Many locales have laws governing the sale of lock picks (or "burglary tools" in general). Not to mention that (in the US) we are a litigious bunch and will sue over anything. Lowe's doesn't want John Doe suing them for providing picks to thieves. It's silly, but true.

killercurvesahead1 karma

When I was a kid, I was catsitting for a friend and locked the keys in the houseā€”on the piano, in view from the front door window (d'oh!). My dad called a locksmith and he got us in so we could retrieve the keys. Good Guy Dad paid for the service, and we never mentioned it to the family I was catsitting for.

Question: Why the heck did that locksmith open somebody else's house for us? (uh, yep we're white)

Followups: As an industry, are there particular ethical standards locksmiths are bound to abide by? How liable are you if someone abuses your services?

doors_cannot_stop_me2 karma

It's often just a judgement call, but there are a few ways to mitigate the possibility of getting in trouble. We have "emergency forms" for our customers to fill out when they need something unlocked that isn't theirs. We check ID and they have to sign that they take full responsibility. In my state that is generally enough, but it always pays to be cautious.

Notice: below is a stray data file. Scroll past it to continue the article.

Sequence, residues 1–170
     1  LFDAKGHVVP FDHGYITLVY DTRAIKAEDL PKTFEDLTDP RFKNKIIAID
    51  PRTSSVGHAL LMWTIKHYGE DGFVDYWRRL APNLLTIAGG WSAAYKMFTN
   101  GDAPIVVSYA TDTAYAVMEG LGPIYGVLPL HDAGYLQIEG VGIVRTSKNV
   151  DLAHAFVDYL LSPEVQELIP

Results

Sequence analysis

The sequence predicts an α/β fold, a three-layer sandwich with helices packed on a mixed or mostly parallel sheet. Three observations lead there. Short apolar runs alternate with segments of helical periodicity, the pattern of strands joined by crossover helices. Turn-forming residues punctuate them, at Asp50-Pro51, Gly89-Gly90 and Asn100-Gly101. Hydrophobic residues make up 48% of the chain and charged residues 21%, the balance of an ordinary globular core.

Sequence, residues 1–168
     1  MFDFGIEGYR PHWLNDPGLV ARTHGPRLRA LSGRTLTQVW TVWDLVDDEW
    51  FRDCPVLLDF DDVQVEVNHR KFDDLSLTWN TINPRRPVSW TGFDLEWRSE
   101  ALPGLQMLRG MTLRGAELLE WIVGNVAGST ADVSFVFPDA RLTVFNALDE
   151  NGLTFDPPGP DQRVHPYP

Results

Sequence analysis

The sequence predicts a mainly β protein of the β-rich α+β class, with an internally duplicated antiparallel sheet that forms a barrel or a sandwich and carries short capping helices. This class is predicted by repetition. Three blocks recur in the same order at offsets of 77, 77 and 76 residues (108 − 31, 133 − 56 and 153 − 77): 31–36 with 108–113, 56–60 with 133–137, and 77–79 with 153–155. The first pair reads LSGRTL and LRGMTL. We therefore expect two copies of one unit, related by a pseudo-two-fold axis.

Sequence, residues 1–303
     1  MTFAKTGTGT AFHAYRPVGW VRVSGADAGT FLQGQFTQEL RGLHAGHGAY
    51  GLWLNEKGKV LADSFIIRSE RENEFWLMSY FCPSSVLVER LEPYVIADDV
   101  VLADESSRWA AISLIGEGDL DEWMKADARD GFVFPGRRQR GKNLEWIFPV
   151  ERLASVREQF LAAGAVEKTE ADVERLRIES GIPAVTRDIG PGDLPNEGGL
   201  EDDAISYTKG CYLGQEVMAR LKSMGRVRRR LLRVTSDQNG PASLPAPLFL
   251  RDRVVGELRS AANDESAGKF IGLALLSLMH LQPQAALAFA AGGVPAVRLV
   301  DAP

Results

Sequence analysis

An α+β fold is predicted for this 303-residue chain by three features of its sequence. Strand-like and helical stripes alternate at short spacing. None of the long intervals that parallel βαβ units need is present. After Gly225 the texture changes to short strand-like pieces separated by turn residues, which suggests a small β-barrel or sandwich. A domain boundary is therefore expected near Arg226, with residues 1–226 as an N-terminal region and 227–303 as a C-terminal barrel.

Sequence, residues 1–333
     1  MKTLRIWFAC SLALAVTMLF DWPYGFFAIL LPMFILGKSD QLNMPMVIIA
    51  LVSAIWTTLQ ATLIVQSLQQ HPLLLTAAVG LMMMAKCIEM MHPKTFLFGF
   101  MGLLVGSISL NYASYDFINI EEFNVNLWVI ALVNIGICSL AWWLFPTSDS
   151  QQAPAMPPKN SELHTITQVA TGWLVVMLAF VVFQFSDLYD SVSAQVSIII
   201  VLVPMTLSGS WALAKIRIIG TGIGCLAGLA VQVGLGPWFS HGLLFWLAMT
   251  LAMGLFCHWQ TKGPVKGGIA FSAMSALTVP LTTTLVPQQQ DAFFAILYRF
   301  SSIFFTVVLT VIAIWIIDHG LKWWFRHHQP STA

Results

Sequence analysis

As far as industry-wide standards go, I'm actually not sure. My boss has kind of left it at, "Don't be dumb." If a locksmith does something shady, they can lose their license or certification.

In my state, as long as we are reasonably certain that someone should be allowed access, we are generally covered.

Hope that answers your question.

db633761 karma

What kind of locks should I put on my house?

doors_cannot_stop_me4 karma

In the US, Schlage are plenty good for residences. Kwikset are ok. Both are pickable, but theives rarely pick locks, preferring to instead smash windows. Get good windows.

ErnieMcgee1 karma

I scanned through but didn't see this question (if it's already been asked, sorry about the repeat) but...How long on average does it take to go through the apprenticeship if that system is used or is your industry now more of a 'go to school/training' to become certified?

doors_cannot_stop_me2 karma

I didn't go through a true apprenticeship or anything like that. I knew lockpicking from my own hobby time and basic residential work from my time working in a home improvement store. My (current) boss needed someone who was really good at customer service, and could learn the rest. I was that guy.

Very lucky, honestly.

ErnieMcgee1 karma

Nice, thank you for answering my question so quickly. Follow up - on a scale of 1-5 with 5 being very happy, how would you rate your job satisfaction and work/life balance?

doors_cannot_stop_me2 karma

4.5, most days. I still work for and with people, and I hate people. In general, that is.